Learning Rights
Summer Law Clerks

Welcome, Angela, Lindsay, John, and Julia!

They will be working with us throughout the summer, assisting with intakes at our Education Rights Clinic, helping out with TIGER Classes, and even helping with litigation! We're excited to have them alongside us, fighting for children's rights to the educations they deserve.

At what age do children typically learn to read and write?


There is no "correct" age to learn to read and write, but there are some developmental standards that doctors use to make sure students are making good progress. By age 5, most kindergartners begin to write letters of the alphabet. By age 6, most first-graders can read some things aloud and sound out major sounds. By age 7, second-graders are on the way to be confident readers.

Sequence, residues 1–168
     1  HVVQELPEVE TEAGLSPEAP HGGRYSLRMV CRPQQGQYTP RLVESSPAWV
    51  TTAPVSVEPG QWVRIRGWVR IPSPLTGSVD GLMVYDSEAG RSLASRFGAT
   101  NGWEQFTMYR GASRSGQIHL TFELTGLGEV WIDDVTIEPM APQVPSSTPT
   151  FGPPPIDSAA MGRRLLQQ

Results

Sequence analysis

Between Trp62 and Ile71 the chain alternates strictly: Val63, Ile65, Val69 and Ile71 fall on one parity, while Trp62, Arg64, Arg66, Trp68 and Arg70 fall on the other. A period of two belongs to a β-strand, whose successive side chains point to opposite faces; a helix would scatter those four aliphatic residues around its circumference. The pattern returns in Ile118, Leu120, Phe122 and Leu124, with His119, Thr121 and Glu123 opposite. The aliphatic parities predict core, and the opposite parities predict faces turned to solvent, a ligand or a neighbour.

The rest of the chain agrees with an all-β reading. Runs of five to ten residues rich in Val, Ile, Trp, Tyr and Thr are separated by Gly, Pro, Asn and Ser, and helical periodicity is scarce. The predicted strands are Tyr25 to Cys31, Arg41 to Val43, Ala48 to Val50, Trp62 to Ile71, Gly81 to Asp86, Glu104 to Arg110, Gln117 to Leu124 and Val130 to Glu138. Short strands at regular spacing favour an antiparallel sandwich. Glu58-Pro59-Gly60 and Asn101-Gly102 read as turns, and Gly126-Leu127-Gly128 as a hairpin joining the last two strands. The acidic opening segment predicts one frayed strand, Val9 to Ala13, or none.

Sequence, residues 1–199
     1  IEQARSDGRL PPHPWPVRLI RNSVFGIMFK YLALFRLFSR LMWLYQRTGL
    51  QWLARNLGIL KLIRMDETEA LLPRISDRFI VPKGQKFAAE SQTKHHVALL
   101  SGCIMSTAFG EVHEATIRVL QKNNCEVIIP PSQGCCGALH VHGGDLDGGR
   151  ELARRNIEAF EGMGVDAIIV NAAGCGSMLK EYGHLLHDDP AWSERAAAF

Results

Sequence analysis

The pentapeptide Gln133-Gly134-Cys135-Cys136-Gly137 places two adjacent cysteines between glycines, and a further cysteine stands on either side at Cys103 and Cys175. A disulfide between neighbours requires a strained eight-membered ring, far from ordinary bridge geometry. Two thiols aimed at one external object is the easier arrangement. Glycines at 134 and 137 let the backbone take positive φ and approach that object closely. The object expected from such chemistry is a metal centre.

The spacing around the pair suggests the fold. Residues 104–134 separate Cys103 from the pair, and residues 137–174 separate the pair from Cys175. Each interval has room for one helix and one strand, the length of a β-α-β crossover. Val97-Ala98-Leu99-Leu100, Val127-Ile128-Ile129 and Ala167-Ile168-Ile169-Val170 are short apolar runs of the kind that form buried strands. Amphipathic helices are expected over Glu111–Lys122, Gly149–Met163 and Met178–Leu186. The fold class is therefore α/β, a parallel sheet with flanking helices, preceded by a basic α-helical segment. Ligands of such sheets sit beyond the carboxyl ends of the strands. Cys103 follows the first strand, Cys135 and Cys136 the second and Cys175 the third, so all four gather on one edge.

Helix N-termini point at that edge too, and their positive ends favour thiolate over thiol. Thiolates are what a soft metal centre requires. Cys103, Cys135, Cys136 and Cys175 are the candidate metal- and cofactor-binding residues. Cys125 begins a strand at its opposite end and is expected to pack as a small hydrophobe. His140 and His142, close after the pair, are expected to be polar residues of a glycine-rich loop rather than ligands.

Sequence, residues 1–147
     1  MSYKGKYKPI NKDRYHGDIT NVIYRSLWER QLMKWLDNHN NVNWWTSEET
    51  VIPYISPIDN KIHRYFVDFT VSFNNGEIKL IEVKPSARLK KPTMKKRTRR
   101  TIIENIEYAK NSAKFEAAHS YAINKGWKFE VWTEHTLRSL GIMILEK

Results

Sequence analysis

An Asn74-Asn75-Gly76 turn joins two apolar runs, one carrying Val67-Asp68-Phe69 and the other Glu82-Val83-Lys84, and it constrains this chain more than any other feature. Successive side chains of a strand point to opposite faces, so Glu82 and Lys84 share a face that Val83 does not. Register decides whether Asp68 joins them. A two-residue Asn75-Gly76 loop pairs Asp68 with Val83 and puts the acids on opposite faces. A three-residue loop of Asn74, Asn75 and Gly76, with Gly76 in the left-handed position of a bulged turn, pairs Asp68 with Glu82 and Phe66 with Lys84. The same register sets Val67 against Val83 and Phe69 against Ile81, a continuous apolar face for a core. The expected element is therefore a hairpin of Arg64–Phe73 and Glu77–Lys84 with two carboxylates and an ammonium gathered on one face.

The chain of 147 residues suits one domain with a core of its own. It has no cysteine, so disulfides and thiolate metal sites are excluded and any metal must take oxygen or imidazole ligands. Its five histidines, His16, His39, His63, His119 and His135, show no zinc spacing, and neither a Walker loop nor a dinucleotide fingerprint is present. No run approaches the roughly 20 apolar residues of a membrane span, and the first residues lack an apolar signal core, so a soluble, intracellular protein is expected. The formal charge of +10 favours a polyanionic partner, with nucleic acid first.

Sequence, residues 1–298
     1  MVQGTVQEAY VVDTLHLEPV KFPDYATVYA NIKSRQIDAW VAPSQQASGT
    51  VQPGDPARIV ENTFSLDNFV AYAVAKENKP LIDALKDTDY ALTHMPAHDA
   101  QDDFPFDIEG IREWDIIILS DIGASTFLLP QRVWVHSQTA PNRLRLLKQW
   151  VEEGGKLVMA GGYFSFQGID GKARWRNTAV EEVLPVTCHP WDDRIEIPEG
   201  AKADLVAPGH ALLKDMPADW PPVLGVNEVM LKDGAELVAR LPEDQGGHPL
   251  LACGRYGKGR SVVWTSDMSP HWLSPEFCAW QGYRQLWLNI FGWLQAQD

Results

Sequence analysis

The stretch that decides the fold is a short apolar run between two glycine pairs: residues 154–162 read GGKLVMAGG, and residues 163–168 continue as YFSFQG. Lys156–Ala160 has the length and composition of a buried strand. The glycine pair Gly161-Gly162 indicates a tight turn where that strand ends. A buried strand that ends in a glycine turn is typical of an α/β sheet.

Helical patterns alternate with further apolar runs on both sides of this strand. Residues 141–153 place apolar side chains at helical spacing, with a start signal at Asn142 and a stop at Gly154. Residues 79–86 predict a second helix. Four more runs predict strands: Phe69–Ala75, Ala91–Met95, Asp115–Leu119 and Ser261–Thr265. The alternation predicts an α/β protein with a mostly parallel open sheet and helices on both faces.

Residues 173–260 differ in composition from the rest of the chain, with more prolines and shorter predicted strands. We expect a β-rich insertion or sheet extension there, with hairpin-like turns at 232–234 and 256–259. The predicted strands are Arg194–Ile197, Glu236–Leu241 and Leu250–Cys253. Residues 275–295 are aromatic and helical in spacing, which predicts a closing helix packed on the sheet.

Stat sources: 
Learning Rights Law Center
Learning Rights Law Center seeks to achieve education equity for low-income and disadvantaged students in the public education system in Southern California. We change the lives of at-risk students who have disabilities, face discrimination or are involved in the foster care or juvenile justice systems by providing free legal services, education advocacy, and community training.